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The typical Australian family has changed quite a bit over the last few decades. People are living longer, kids are staying at home until their thirties and blended families with multiple sets of kids are now more common. In most cases, it means there are now more people in our lives to love and look after. However, it can also add a whole new dimension to the issue of estate planning.
Despite how close a family may be, disputes over an inheritance can, and often do, occur. These disputes may start over small things, but they have the potential to grow larger and tear a family apart, particularly when a will is contested in the courts. So it’s vitally important to carefully consider appropriate estate planning.
No one wants to think about their own mortality, but having a clear, unambiguous will increases the chance of your wishes being followed, makes the job of your executor easier and potentially reduces the risk of a family dispute. It can also help if you make a list of designated items and provide an explanation to family members or benefactors.
A power of attorney may also help alleviate the risk of a family dispute. The person appointed can be anyone over the age of 18 years – a relative, friend or trusted professional adviser. They will only be legally authorised to do things on your behalf should you be unable to make decisions regarding money or property. With a power of attorney in place, there can’t be any changes made to your will or resuscitation orders, so they can add more certainty for all concerned.
This is even more significant when you consider that one of your largest assets, your super, can’t be included in your will. Now don’t panic, you still have some control over its distribution. By making a valid binding death benefit nomination you can nominate a beneficiary or beneficiaries to receive your superannuation in the event of your death. If you have nominated your legal personal representative (for example, the executor), the funds become part of your estate and are distributed in accordance with your will. To nominate someone to receive your super, contact QSuper, complete the Binding Death Benefit Nomination form and return it. It’s that simple.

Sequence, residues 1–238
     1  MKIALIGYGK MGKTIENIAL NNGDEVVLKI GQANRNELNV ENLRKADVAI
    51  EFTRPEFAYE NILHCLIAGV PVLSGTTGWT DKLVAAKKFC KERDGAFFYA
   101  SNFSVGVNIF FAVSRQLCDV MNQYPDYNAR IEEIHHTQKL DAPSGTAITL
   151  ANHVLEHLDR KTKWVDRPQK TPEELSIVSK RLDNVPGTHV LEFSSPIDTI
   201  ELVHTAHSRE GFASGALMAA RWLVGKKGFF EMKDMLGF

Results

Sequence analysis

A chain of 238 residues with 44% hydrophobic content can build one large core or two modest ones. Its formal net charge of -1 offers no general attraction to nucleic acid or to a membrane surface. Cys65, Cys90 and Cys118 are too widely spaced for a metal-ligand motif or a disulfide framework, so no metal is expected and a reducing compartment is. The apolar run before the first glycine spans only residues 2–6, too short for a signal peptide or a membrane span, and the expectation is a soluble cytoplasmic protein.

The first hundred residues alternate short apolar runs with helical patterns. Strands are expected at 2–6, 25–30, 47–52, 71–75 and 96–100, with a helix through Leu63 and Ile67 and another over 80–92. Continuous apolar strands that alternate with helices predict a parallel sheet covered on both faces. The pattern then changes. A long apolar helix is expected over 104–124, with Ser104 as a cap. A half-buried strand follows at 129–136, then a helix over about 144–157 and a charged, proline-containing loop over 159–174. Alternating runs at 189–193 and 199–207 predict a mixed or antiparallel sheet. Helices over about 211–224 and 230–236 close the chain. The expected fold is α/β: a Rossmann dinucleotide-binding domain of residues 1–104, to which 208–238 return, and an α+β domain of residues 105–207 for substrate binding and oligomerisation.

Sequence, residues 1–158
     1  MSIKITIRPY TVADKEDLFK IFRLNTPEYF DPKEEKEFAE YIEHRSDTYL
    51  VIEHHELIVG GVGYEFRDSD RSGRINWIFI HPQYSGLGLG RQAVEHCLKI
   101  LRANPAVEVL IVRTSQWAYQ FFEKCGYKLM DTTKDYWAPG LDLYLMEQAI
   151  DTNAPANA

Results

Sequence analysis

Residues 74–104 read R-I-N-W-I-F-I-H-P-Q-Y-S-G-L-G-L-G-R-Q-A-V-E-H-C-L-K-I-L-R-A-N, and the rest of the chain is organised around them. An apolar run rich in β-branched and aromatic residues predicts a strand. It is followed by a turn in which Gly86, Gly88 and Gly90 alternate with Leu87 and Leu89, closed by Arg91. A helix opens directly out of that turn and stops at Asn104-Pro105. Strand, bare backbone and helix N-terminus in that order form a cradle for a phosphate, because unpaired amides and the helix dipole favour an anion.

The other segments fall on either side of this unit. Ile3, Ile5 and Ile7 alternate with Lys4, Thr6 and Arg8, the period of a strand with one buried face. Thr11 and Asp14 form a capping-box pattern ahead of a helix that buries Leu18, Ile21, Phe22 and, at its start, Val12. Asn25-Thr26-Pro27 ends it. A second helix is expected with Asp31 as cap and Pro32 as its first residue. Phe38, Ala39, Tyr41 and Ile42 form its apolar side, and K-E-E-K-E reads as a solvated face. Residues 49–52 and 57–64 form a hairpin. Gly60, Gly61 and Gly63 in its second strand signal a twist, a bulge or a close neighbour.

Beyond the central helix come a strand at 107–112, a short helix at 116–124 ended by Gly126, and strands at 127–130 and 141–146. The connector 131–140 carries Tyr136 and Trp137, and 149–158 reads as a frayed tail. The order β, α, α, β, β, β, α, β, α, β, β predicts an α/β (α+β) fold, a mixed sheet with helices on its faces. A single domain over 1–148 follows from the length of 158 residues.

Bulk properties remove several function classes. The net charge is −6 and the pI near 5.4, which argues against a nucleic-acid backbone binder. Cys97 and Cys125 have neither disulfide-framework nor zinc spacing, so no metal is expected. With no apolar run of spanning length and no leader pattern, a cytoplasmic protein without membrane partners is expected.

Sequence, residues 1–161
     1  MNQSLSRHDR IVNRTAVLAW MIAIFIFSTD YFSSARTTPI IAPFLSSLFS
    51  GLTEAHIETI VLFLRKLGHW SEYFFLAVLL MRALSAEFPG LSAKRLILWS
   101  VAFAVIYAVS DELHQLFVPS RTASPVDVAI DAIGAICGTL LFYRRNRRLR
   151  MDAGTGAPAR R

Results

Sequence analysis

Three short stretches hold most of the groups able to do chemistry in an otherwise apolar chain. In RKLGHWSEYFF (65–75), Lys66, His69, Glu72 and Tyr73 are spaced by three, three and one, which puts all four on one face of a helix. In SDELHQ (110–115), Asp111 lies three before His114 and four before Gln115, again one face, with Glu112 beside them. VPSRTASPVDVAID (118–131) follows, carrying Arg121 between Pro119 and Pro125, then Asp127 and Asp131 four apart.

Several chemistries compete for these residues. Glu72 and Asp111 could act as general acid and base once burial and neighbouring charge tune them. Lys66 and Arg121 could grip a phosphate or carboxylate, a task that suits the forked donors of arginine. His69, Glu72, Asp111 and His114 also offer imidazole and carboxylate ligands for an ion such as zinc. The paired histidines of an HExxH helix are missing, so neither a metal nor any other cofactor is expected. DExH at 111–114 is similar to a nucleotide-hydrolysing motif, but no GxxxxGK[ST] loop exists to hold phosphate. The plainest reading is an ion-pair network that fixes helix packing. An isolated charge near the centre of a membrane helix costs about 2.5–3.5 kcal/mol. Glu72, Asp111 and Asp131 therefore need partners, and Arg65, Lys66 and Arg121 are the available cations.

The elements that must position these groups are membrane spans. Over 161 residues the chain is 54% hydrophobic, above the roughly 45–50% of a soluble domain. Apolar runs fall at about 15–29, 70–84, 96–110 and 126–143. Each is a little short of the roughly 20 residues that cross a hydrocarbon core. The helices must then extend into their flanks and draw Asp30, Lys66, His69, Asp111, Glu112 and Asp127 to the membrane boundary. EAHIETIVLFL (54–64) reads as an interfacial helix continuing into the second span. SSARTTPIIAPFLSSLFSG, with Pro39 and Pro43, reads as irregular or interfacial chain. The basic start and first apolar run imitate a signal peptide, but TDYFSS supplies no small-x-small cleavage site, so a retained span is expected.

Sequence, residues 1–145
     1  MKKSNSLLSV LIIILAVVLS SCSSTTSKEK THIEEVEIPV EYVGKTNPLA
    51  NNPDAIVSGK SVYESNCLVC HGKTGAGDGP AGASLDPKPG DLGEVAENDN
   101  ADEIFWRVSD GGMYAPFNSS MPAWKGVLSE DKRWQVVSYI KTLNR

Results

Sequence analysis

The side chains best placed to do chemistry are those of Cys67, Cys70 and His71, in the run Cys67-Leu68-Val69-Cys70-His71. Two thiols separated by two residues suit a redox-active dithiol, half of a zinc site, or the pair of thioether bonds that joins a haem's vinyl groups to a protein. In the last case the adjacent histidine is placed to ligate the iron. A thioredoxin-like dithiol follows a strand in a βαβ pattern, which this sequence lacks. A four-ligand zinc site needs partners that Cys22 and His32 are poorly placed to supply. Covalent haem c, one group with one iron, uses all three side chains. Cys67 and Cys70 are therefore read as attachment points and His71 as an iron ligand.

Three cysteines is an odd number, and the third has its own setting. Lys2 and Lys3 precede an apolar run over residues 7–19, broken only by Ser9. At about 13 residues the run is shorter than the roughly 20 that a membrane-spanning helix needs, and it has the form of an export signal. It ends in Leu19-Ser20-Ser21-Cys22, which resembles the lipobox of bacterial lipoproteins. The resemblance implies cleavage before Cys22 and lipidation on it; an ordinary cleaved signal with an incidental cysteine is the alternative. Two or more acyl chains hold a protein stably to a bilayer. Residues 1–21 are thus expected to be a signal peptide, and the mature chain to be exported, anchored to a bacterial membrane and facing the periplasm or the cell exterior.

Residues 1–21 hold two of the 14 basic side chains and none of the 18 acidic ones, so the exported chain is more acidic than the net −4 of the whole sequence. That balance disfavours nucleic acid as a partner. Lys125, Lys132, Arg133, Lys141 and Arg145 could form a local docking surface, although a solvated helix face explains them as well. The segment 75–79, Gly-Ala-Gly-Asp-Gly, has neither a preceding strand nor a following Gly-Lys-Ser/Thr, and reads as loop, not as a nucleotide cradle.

If you don’t have a binding death benefit nomination, the trustee of your super fund has the discretion to pay your death benefit to your dependents or to your personal legal representative before looking to any non-dependents.
Ensuring your will is regularly updated when your circumstances change is another crucial part of good estate planning. In fact, it can be one more safeguard against the possibility of contested wills and family disputes.
While death may not be one of the most popular topics of conversation amongst the family, having these discussions is an essential part of putting an estate plan in place. It can also help ensure your wishes are followed, provide clarity for all concerned, and minimise the risk of a family dispute.
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